Conservation Subdivision Standards
Open space shall:
Comprise a minimum of 25 percent of the project area. 
Be composed of (in order of which lands should be designated as open space first): primary
conservation area, secondary conservation area, and any remaining lands necessary.
Be designated so that a minimum of 50 percent of the proposed open space is contiguous and, where
possible, adjoins open space or other protected areas (including protected forests or wildlife areas)
outside the project area.
Be designated so that, where possible, a majority of the lots directly abut open space to provide
residents with direct views and access.
Be accessible by safe and convenient pedestrian access from all adjoining lots (except in the case of
farmland or other resources areas vulnerable to trampling damage or human disturbance).
Be used as follows:
Conservation of natural resources, archeological resources or historical resources;
Agriculture, horticulture, or silviculture, provided all applicable best management practices
are used to minimize environmental impacts;
Passive recreation;
Active recreation provided impervious surfaces are limited to a maximum of 12 percent of
the total open space area;
Nonstructural stormwater management practices;
Easements for drainage, access, and underground utility lines; and
Water, septic, and sewer systems.
Not be used as follows:
For motor vehicles (except for maintenance purposes as provided for in the Open Space
Management Plan); and
Roads, parking lots and impervious surfaces (except when accessory to active recreational
Open Space Ownership. The applicant must identify current and future owner(s) of open space responsible
for maintaining the area/facilities. The responsibility for maintaining the open space and its facilities shall be
borne by the owner. If a homeowners’ association is the owner:
Membership in the association shall be mandatory and automatic for all homeowners in the
subdivision and their successors; and
The association shall have lien authority to ensure the collection of dues from all members. 
Open Space Management. The applicant shall submit “Open Space Management Plan” which includes:
A statement allocating maintenance responsibilities and establishing guidelines for the upkeep of
open space and its facilities;
Cost estimates for maintenance, operation and insurance needs for the open space;
A means by which funds will be obtained for all management expenses; 
A provision allowing the Subdivision Administrator to approve plan change; and
Criteria for plan enforcement.
Legal Instrument for Permanent Protection. Open space shall be protected in perpetuity by a binding legal
document recorded with the deed. The document shall be one of the following:
Permanent conservation easement in favor of either: 
A land trust or similar conservation-oriented non-profit organization with legal authority to
accept such easements. The organization shall be bona fide and in perpetual existence and
the conveyance instruments shall contain an appropriate provision for retransfer in the event
the organization becomes unable to carry out its functions; or 
A governmental entity with an interest in pursuing goals consistent with the intentions of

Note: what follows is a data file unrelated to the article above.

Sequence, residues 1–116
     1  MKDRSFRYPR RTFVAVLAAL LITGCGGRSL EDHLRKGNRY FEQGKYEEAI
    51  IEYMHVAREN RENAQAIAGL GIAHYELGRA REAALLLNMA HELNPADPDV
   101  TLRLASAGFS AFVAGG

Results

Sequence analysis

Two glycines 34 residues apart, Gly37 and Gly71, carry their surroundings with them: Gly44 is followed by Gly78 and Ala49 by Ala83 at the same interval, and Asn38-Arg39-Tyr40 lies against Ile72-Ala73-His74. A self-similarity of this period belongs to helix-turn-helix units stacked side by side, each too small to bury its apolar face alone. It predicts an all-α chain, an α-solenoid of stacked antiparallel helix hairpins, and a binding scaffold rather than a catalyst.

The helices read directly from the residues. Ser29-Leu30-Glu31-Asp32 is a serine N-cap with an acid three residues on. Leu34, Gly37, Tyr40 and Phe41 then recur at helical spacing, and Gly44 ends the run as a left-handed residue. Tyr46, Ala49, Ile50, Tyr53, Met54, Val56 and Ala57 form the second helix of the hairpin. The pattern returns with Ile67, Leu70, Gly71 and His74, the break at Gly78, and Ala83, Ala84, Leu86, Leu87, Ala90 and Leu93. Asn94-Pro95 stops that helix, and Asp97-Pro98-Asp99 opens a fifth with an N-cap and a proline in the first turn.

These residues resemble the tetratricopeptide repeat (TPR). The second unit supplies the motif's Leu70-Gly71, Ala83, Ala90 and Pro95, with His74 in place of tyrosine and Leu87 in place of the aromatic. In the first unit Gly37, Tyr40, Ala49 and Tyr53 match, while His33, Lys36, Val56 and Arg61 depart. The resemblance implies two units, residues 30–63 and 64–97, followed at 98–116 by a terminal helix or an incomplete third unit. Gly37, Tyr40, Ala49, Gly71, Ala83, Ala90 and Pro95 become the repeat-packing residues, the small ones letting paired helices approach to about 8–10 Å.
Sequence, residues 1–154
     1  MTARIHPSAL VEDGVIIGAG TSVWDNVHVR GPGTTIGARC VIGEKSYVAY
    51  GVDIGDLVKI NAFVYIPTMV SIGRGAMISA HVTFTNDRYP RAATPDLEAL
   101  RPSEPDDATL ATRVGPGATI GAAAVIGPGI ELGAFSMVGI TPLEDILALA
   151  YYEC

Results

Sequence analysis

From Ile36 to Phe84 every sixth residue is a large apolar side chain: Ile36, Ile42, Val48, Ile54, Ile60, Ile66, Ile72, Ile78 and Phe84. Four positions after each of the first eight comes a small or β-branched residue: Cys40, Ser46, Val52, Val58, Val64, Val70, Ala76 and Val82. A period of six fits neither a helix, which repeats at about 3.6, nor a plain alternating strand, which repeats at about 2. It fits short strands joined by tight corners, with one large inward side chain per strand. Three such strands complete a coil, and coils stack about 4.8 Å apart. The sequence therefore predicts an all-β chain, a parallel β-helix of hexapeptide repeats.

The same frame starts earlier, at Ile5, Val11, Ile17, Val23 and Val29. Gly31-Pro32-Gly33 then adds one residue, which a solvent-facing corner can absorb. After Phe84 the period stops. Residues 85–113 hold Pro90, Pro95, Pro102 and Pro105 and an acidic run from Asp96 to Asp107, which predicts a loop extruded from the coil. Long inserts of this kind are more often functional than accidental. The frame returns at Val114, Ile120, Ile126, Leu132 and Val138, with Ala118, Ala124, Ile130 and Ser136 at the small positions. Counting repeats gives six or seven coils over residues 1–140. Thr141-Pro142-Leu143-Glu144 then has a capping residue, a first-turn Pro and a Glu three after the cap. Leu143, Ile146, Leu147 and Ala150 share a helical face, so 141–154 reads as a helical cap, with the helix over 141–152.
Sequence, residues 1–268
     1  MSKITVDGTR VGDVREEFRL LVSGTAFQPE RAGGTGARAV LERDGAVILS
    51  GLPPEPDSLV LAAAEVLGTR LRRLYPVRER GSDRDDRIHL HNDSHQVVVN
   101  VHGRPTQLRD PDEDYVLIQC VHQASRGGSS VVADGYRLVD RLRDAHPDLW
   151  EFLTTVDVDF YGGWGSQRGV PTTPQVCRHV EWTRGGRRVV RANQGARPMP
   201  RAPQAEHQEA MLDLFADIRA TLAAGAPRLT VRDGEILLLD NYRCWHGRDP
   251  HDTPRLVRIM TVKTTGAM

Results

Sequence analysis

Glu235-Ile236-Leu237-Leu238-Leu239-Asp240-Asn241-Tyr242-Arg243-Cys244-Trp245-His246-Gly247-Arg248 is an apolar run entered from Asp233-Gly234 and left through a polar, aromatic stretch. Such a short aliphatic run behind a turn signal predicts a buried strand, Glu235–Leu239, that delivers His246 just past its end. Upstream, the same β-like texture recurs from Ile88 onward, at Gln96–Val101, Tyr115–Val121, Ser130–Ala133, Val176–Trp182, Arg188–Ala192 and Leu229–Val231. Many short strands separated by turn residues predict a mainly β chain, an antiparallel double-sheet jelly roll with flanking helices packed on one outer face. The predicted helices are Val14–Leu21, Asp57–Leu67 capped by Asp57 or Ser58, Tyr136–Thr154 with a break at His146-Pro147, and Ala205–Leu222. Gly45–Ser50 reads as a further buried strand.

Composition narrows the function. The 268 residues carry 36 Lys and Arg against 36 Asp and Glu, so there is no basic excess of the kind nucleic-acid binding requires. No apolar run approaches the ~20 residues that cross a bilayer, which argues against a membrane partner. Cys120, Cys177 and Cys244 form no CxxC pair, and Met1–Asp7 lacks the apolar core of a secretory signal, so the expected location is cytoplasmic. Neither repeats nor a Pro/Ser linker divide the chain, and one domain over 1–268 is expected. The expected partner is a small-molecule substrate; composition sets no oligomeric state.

this Section. 
Permanent restrictive covenant for conservation purposes.
Equivalent legal tool providing permanent protection, subject to approval by the County Attorney.
The instrument shall include all restrictions contained in §42-88 (Conservation Subdivision Standards), and
any further restrictions the applicant chooses to place on the use of the open space.
Open Space Density Bonus. Base density is determined by the zoning district in which the subdivision is
located. Conservation subdivisions proposing more than the minimum required open space may be eligible for
increased densities. Table 3.1outlines the criteria for density bonuses. Lands under conservation easement
shall not be counted when determining density bonuses. Permitted housing densities shall not exceed the
maximum allowances of any applicable water supply watershed requirements. 
Percent Open Space (%)
Percent Housing Density Increase (%)
Agricultural Preservation Density Bonus. Base density is determined by the zoning district in which the
subdivision is located. Conservation subdivisions proposed for sustaining existing on-site bona fide
agricultural operations are entitled to a five (5) percent increase in permitted density. Residential lots in these
subdivisions should be located in areas less suitable for agricultural production with prime farmland being
preserved as open space. Lots should be located where agricultural operations do not interfere with the safety
and well being of future residents. The reviewing agency may require vegetative buffering and/or additional
setbacks between agricultural operations and lots to mitigate potential impacts of noise, vibration, light, and/or
odor. This five (5) percent bonus may be used in conjunction and in addition to any applicable open space
density bonus. Permitted housing densities shall not exceed the maximum allowances of any applicable water
supply watershed requirements.
Structure Placement. Structures should be placed as closely to internal roads as permitted. The reviewing
agency may reduce the front yard setback to a minimum of five (5) feet; taking into consideration sound
engineering, public safety concerns and community character when applying the standards. Structures may
be: (1) located in the side yard setback required by the zoning district regulations; and (2) placed as closely
together as permitted by the North Carolina State Building Code.
Exemption. Conservation subdivision standards can be applied to any subdivision type, but are not required
by this Chapter.